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Call the Midwife, a historical drama about childbirth set in 1950s London, was an unexpected ratings smash last winter. It’s currently being repeated on Thursdays on BBC1. Emily Kenway examines its success as a mainstream drama with an, almost exclusively, female cast.

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“Midwifery is the stuff of life” Vanessa Redgrave’s worldly-wise voice intones as a young woman cycles through the backstreets of London. This is Jenny Lee and she is on her way to Nonatus House where she will live with a small group of nuns and midwives, administering to the colourful East End poor of 1950s London.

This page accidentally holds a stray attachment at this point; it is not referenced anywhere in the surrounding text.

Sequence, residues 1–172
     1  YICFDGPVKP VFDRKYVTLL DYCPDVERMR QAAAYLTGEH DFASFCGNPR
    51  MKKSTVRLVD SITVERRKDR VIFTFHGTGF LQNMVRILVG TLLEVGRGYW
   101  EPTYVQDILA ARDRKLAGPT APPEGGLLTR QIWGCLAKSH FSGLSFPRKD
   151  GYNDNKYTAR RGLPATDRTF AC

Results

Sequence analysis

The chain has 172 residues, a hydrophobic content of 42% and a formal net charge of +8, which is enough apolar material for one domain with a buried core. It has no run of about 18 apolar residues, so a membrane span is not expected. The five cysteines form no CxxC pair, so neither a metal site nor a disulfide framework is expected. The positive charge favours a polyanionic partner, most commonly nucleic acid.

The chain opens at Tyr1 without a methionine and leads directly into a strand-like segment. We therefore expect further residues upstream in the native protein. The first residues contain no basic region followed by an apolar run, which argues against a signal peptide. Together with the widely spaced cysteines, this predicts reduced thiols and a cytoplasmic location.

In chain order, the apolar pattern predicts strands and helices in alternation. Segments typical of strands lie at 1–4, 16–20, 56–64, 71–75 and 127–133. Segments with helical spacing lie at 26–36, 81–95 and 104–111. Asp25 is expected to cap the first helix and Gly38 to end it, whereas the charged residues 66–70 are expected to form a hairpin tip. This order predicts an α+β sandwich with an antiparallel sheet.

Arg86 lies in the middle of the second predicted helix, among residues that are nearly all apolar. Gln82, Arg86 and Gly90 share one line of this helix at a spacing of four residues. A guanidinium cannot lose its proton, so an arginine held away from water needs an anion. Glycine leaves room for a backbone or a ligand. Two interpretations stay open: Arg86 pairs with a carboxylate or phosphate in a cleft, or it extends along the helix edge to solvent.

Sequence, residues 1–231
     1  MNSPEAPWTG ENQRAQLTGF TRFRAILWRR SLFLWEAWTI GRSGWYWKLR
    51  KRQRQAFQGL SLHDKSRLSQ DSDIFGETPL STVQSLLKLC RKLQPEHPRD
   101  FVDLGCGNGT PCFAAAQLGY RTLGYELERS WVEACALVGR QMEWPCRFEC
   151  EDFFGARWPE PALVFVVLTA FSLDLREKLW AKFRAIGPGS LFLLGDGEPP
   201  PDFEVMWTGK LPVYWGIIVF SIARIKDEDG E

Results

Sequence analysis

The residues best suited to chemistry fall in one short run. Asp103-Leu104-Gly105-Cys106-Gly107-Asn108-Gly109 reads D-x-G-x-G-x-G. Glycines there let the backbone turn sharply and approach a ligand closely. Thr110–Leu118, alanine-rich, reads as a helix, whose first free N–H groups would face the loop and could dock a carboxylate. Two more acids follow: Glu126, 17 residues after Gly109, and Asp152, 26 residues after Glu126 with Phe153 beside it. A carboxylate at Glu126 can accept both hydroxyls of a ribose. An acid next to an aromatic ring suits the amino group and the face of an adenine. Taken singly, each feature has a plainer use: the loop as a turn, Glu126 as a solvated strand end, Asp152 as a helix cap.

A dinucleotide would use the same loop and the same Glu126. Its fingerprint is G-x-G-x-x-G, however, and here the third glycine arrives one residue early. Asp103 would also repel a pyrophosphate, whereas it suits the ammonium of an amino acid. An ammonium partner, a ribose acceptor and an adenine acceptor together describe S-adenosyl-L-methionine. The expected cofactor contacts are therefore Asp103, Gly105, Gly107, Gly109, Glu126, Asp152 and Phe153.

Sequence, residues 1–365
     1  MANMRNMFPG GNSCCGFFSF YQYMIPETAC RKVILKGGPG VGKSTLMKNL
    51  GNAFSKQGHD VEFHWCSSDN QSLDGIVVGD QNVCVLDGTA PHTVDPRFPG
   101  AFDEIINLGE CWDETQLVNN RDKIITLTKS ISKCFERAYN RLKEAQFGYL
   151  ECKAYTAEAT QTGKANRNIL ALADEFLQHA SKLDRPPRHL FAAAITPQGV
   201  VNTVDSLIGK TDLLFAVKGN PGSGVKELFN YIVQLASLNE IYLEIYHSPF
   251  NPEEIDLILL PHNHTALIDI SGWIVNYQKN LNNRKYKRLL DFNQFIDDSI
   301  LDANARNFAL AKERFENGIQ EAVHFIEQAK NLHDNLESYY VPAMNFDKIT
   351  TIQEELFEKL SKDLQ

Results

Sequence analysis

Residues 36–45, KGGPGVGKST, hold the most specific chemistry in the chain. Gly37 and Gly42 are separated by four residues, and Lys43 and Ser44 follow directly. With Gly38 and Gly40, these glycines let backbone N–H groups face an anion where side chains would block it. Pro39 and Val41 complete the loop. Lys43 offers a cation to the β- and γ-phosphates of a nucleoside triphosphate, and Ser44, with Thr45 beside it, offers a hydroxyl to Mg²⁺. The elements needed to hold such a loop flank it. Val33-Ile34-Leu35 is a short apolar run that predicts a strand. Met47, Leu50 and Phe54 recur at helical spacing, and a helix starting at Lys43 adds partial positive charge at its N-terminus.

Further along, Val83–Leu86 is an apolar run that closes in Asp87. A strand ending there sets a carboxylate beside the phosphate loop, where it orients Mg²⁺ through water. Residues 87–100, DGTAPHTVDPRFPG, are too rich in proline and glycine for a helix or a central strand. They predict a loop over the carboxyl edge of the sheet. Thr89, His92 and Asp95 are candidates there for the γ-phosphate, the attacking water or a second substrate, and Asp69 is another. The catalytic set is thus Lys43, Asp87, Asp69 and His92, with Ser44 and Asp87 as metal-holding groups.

Jennifer Worth’s trilogy of memoirs, beginning with Call the Midwife, have sold almost a million copies in the UK since they were published in 2002. Worth herself was an interesting woman (she died in May last year); after midwifery and a stint as a ward sister, she left the medical profession and taught music for twenty five years, singing in choirs across Europe. As if that wasn’t quite enough achievement for one lifetime, she then turned her hand to writing and produced these three highly acclaimed memoirs.

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